I remember an unseasonably warm Sunday morning back in April or May, just before Phil and I were finished. I woke before he did. I watched him sleep in my bed for a few moments, his hair tousled and his face slightly shiny. Even with his mouth awkwardly drawn open in a somnambulist silent song, he was beautiful to me. Every breath, every blood cell, every synapse in my brain, every part of my being was entirely focused on being in love with him.

I let him sleep, slipped into a sundress, and walked to the market at Chicago and Western to buy groceries. The sun was everywhere. When I returned home, I kissed him gently on the forehead before preparing little breakfast tostadas in the kitchen. He woke up, groggily hugged me while I scrambled some eggs, and then we ate on the couch while Mikan rested on his purple cat bed.

If you had told me that my heart was responsible for the city's warmth that morning, I would not have argued with you. But we are now not far from winter, and I do not have Sunday mornings like that anymore. Some of the aspects are still present, others are easy to add, and others remain an implausibility in my mind, like 90-degree mornings burning up the soft Chicago spring.


how the mood was lost

I woke up proud of myself for remembering about the 8:50 am doctor's appointment I'd had scheduled. Snacked on yogurt, caught the bus, got a seat, made it to the doc's on time. The sky was blue and the air was sweet, and I found myself enjoying the brief wedge of Lake Michigan that's visible from my doctor's building. Even the grumpy receptionist and the drooly toddler in the waiting room couldn't snap me out of my good mood. "I am taking care of my health," I mentally congratulated myself. "I am a responsible grown-up."

The nurse weighed me (114), took my blood pressure (100/60) and I read Allure while waiting for the doctor. She remembered me upon seeing my face, which I think is probably due to my memorable hypochondria. She looked at my chart while listening to my latest hypochondriac worry, and then she stopped and looked up. "You're due for a pap smear!" she announced. I groaned.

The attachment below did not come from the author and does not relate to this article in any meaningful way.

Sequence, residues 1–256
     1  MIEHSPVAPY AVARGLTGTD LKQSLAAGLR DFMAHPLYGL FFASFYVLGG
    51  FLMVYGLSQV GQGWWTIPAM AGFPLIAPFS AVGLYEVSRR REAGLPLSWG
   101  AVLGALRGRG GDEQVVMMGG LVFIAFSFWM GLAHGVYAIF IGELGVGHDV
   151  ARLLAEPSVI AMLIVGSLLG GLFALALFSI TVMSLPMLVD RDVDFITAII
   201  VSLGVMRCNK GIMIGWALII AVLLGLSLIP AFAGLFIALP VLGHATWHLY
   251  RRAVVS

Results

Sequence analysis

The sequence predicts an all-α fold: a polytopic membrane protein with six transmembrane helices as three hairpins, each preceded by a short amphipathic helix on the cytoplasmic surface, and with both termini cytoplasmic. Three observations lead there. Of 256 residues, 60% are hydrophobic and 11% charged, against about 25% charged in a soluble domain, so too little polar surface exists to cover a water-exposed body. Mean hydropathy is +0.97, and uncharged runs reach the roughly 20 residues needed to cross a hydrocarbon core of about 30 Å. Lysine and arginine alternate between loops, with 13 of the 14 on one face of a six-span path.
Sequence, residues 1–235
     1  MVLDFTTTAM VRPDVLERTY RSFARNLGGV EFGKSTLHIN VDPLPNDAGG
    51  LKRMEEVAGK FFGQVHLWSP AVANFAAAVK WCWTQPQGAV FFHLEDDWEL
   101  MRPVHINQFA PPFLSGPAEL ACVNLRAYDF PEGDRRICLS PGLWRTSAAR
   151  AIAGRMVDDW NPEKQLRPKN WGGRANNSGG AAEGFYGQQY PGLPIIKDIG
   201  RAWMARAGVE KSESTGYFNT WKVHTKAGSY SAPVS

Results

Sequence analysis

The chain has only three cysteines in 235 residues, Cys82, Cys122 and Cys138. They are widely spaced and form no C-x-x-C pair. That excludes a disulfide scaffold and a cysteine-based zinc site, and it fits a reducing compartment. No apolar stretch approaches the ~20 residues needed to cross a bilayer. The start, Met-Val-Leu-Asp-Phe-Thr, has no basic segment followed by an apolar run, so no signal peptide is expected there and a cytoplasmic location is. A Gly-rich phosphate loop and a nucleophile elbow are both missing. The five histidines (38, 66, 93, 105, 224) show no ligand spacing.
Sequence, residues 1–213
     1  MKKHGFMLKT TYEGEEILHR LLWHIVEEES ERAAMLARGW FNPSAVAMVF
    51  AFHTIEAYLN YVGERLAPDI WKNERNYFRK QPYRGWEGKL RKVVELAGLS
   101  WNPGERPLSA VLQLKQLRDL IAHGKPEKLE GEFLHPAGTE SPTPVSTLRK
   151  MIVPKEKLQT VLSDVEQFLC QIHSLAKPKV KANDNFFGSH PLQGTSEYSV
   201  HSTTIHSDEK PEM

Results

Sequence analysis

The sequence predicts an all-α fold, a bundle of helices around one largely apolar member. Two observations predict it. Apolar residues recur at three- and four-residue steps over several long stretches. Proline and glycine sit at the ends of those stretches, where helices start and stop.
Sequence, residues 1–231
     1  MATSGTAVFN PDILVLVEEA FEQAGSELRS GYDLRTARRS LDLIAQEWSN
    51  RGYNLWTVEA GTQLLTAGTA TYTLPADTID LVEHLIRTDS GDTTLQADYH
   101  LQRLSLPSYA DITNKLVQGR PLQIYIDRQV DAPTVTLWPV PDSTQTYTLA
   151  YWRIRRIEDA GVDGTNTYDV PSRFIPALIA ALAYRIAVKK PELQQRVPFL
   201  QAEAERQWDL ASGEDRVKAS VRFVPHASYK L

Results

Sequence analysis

When you are wearing a paper cloth around your wobbly bits, there is nothing you can do to weasel your way out of a pap smear. I know because I've tried to talk my way out of various gynecological adventures, and every time the speculum wins.


I can write in my head without a problem, but when it comes to pouring words onto paper, it's like hitting a dam. I've been crafting a story in my head, and it's surprisingly not cliche or maudlin. I like it. It flows well. But when the time comes to type it up, I am so terrified of it coming out wrong that I'll do anything to keep myself from trying.

This week: I cleaned out my closet. I took photographs of the no-longer-needed clothes that will go on eBay. I cooked dinner with Jameson. I saw Serenity. I scrubbed the floor, cleaned out the refrigerator and gave the cat a Wet-Nap bath. I painted a wall in the living room. Twice. But I did not write a word of the story.

I need to be more disciplined, but I worry that what I write won't be great, and then I'll feel like just another former English major who has a novel inside her—a very bad novel. I don't know how to become more motivated and confident. I feel stuck, but at least my house is clean.

say hello

    it's anniet at gmail.


© 2009 avt